# Estimate for boundary points and exterior normal vector of bounded domain of class $C^2$

Consider a bounded open set $\Omega\subset\mathbb{R}^d$, s.t. the boundary set $\partial \Omega$ is a manifold of class $C^2$. Let $x,x_0\in\partial\Omega$ be boundary points and $\nu_x$ the exterior normal unit vector at $x$. Then the author of my book says:

"there exist a constant C depending on the geometry of $\partial \Omega$, s.t. $$\vert \langle (x-x_0, \nu_x \rangle_{\mathbb{R}^d} \vert\leq C\cdot \Vert x-x_0 \Vert^2."$$

I tried to prove it, but I wasn't successful. What does the words "depending on the geometry of $\partial \Omega$" exactly mean? Can you help me to comprehend this estimate?

Best Regards.

• So $x_0$ is fixed and $x$ varies? – Tomás Jul 29 '14 at 16:22
• Yes. But $x_0$ is also some arbitrary fixed point on the boundary – Braten Jul 29 '14 at 16:24
• Note that if $\|x-x_0\| \geq 1$, then $\|x-x_0\|^2 \geq \|x-x_0\|$ and the inequality follows from Cauchy-Schwartz. So you may suppose $\|x-x_0\| < 1$. – Surb Jul 29 '14 at 16:25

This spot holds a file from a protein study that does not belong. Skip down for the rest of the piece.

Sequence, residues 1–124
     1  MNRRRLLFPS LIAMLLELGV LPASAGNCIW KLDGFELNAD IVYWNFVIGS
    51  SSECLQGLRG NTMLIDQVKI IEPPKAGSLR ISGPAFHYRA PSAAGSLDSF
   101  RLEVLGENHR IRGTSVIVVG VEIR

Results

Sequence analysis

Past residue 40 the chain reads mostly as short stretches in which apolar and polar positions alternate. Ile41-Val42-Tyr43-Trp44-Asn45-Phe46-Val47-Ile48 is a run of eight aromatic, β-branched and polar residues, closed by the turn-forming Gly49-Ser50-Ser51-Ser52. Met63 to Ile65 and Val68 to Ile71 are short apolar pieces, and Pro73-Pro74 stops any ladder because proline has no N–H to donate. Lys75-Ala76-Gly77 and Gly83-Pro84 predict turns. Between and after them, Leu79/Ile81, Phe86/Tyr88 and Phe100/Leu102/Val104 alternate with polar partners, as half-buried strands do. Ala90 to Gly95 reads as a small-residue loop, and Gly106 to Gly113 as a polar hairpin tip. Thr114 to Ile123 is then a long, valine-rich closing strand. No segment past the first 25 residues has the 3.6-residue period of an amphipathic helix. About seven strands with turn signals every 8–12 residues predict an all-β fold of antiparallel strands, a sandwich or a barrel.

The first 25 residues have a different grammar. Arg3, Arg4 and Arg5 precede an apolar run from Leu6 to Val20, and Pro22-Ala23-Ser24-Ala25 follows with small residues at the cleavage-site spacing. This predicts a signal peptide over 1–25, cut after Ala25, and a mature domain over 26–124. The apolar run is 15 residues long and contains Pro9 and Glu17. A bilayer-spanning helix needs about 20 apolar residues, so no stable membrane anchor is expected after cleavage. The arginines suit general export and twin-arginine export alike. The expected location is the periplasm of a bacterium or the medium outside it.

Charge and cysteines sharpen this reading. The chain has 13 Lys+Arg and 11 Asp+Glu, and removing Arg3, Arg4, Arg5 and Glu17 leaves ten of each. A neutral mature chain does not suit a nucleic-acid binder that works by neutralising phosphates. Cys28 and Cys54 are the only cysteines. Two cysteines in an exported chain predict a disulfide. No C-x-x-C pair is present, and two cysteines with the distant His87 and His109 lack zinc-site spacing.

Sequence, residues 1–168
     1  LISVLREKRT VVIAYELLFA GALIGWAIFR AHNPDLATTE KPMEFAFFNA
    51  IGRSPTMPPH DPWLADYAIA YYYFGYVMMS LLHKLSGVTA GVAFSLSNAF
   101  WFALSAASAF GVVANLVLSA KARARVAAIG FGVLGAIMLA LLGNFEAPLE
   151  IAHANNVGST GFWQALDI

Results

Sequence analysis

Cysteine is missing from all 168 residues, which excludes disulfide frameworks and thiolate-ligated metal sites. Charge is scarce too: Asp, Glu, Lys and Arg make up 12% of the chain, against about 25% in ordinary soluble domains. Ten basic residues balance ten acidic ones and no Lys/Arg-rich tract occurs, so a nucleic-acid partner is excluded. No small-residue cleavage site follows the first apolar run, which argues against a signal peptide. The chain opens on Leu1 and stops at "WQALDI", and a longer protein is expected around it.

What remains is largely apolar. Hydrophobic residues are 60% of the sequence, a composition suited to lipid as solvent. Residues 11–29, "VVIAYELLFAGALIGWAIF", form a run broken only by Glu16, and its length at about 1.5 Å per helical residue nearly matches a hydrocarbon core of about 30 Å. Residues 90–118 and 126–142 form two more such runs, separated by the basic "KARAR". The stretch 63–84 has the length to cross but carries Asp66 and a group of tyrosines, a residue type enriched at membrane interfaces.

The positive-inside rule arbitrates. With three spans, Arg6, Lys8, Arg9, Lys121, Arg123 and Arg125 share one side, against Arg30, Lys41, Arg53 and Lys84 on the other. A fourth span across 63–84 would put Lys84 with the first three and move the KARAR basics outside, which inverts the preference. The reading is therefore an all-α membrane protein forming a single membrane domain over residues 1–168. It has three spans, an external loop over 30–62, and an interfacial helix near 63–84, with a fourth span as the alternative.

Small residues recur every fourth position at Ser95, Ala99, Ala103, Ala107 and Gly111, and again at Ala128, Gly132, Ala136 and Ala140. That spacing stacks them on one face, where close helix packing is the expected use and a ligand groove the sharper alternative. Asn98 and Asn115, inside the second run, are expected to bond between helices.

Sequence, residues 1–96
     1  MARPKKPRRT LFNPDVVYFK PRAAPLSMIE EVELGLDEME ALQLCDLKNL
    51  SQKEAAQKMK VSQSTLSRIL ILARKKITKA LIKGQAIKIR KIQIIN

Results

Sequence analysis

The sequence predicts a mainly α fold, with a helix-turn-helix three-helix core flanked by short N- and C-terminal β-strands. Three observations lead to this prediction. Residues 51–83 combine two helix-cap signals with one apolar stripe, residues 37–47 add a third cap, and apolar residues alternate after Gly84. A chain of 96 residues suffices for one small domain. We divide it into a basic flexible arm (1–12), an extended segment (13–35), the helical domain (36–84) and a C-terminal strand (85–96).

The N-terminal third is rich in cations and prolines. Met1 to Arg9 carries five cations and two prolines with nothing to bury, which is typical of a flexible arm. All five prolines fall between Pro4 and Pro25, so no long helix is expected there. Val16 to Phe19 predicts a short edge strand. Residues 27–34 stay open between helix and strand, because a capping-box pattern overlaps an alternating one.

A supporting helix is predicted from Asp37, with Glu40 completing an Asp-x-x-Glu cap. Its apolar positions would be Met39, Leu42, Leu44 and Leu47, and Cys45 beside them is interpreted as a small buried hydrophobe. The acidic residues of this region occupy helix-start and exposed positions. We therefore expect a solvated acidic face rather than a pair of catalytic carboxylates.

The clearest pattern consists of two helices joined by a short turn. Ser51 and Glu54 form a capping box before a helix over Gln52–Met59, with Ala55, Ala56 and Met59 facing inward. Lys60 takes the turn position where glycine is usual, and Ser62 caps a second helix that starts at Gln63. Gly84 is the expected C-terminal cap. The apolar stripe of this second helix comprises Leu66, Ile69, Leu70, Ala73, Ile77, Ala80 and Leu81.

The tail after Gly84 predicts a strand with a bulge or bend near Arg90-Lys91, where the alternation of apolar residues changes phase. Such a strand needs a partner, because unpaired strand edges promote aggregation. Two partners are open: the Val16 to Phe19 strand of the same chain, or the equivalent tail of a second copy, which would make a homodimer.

## 1 Answer

Since $\partial \Omega$ is compact, it follows that there exists an $R>0$ such that, for each $x_0\in\partial\Omega$, the orthogonal projection of $\partial \Omega\cap B(x_0,R)$ (where $B(x_0,R)$ is the ball of radius $R$ with center $x_0$) into the tangent space $T_{x_0}(\partial\Omega)$ to $\Omega$ at $x_0$ is one-to-one onto the image of itself. Let $\pi(x)$ be the projection of $x$ onto this plane. Then $||x-\pi(x)||=O(||x-x_0||^2)$, because of tangency. Next, $\langle x-x_0,\nu_x\rangle=\langle x-\pi(x),\nu_x\rangle+\langle\pi(x)-x_0,\nu_x\rangle=\langle x-\pi(x),\nu_x\rangle$, because $\pi(x)-x_0\perp\nu_x$. Hence $\langle x-x_0,\nu_x\rangle\le C||x-x_0||^2$ for $x\in B(x_0,R)$. (The constant can be taken to be independent of $x_0$, because $\partial\Omega$ is compact.) For $x\notin B(x_0,R)$ one has $\langle x-x_0,\nu_x\rangle\le R^{-1}||x-x_0||^2$, and we are done.

The misterious words "depending on the geometry of $\Omega$" only mean that the radius $R$ of the ball (and the constant for the estimate inside the ball) depend on the specific shape of $\partial\Omega$, and nothing beyond that.